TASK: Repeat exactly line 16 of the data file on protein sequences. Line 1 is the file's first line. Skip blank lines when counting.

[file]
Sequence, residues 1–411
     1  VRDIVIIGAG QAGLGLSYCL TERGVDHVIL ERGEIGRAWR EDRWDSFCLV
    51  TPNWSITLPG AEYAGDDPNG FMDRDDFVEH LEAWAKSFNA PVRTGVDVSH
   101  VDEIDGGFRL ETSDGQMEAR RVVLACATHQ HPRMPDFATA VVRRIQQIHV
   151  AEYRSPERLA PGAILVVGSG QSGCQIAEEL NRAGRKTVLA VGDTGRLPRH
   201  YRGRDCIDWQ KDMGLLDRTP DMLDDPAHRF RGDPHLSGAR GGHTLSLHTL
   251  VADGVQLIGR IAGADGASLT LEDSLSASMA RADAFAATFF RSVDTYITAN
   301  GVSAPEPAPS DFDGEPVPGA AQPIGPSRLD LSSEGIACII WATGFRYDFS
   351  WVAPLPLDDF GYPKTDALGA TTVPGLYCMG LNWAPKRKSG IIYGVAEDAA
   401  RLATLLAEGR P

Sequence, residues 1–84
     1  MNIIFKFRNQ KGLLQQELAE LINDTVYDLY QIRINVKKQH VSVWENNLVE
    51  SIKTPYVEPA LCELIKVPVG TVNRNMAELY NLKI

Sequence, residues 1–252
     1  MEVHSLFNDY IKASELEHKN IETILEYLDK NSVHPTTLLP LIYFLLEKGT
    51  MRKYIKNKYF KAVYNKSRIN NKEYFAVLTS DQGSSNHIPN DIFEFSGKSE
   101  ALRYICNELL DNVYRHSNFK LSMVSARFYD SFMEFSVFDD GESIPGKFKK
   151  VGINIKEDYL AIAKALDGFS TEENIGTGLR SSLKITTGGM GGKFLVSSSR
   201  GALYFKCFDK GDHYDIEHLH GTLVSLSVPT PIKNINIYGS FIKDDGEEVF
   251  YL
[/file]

    51  MRKYIKNKYF KAVYNKSRIN NKEYFAVLTS DQGSSNHIPN DIFEFSGKSE